How to cover suicide (via the Dart Center)

There was a great post today about covering suicide from the Dart Center for Journalism and Trauma out of the Columbia Journalism School.

It’s an issue I’ve raised in classrooms and newsrooms: Suicide is a serious public health issue, yet we often look at our feet and wait for the moment to pass without a word being said.

My former ethics professor, Edward Wasserman (Knight Foundation professor of journalism ethics at Washington and Lee University) talked about the issue in one of his columns for the Miami Herald, and it’s something we debated in class as well.

Most news organizations won’t touch suicide, and if they do, only if the victim is in the national spotlight or the attempt was in public. But in doing so we marginalize the others who have fallen to the same fate. Any time a member of our community is dramatically or violently taken from us, it is news and should be ethically and sensitively reported.

The article has some good tips about reporting on suicides in a way that raises awareness without inciting copycats or re-victimizing families. Here’s a few I really liked:

  • Include a sidebar with warning signs for depression or resources for getting help.
  • Don’t say the suicide came out of nowhere or was prompted by a single incident, like losing a job – depression exhibits warning signs, and the single cause oversimplifies the victim’s struggle.
  • Inform without sensationalizing (don’t refer to “skyrocketing” suicide rates or graphic crime scenes).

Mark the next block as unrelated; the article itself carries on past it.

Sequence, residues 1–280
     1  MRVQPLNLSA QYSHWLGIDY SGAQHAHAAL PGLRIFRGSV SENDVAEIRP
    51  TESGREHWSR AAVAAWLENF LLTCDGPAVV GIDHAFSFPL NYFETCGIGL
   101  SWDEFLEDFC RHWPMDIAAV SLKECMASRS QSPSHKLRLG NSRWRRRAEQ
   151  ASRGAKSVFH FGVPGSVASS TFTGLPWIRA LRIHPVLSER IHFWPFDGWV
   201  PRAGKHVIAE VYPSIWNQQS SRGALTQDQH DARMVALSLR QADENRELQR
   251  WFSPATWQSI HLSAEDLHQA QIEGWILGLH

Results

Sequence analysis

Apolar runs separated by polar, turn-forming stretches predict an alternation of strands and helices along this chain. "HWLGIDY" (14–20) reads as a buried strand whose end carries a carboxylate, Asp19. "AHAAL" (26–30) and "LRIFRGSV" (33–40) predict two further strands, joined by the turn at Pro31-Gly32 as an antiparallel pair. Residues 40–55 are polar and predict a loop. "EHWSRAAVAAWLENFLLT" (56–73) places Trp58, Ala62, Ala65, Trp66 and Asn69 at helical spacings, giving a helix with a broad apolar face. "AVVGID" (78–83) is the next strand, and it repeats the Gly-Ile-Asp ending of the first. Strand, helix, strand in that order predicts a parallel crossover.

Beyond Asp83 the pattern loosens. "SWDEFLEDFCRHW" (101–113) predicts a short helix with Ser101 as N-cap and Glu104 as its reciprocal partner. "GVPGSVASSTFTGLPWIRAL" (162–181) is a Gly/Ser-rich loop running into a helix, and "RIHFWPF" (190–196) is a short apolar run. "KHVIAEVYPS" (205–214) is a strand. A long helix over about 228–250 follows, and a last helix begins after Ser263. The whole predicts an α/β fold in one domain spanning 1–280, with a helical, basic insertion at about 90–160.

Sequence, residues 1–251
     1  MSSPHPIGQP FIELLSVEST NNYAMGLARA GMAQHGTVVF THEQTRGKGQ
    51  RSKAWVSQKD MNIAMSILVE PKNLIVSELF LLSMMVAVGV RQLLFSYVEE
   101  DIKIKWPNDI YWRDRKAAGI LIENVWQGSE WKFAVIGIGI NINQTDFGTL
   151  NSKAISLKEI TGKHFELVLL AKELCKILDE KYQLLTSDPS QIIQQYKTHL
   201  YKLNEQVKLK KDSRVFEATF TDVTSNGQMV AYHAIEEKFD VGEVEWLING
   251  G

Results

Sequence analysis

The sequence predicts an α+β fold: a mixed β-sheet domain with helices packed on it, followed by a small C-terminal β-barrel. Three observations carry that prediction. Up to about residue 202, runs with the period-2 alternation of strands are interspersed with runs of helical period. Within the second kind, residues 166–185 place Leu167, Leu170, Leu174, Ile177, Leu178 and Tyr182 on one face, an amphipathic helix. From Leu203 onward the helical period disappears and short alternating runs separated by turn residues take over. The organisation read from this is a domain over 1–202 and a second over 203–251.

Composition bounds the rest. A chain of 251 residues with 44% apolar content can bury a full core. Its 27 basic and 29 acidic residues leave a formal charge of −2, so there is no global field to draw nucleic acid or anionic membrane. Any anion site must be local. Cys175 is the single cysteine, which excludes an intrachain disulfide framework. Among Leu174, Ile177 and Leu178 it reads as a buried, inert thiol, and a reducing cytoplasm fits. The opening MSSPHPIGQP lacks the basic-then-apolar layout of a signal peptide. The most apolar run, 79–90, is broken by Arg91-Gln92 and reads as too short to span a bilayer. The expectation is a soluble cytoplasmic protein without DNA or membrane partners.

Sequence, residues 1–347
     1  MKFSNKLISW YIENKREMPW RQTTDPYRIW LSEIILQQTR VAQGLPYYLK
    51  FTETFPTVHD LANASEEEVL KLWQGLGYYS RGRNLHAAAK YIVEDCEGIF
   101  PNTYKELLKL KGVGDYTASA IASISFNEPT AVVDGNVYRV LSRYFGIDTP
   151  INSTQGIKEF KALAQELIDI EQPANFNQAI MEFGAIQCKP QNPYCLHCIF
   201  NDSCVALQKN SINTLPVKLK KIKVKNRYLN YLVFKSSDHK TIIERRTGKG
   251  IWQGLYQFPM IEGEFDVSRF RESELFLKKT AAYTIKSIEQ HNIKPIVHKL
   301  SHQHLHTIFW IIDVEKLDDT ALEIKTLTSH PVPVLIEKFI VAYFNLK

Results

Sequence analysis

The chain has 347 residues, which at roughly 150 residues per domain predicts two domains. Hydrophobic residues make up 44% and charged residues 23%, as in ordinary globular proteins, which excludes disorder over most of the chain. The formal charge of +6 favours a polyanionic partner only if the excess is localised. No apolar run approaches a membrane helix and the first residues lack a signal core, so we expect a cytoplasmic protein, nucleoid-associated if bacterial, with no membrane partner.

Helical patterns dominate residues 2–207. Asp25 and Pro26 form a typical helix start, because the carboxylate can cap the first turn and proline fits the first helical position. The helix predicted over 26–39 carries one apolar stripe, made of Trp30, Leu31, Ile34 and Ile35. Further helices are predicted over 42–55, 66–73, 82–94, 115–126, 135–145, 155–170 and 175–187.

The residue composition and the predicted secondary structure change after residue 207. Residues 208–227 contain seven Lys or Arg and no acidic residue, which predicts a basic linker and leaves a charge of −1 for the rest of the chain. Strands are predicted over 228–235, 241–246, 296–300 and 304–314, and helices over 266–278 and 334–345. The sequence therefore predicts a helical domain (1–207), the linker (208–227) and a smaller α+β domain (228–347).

• Use facts and an expert to educate your audience about depression and suicide.

Carrie Bradshaw

Sometimes I wonder what role Carrie Bradshaw played in me becoming a journalist. Like every second woman in America, “Sex and the City” was one of my favorite shows. I own every season and will watch episodes over and over.

When I first started watching it, I had no idea I wanted to go into journalism. I was planning on being a lobbyist (laugh!) or a lawyer (hehe!). I’d always liked writing, and while I doubt I saw the show and thought, “I want to be her,” there was definitely a part of me that admired Carrie and the way she was self-sufficient and doing something she loved. I think she was a role model for many women, saying that you can be successful and single and still be happy.

This article in The Guardian I think describes some of what I’m trying to say. Candace Bushnell gave so many women a voice. She made us realize that our foibles and stories were worth telling, even when there wasn’t a happy ending.

This Huffington Post column seems to say that the Carrie Effect has pigeonholed women into writing about women’s issues and not hard reporting. As someone who recognizes the value of good investigative reporting, I tend to disagree. If anything, this widens the category of women writers, not narrows it. People will read good writers, and if it takes a sex column to find them, so be it.

I wonder more about the Carrie Effect when I look around the newsroom and see that it’s still mostly men old enough to be my father while my journalism classes scarcely had a male in them. I wonder how much longer we will be minorities.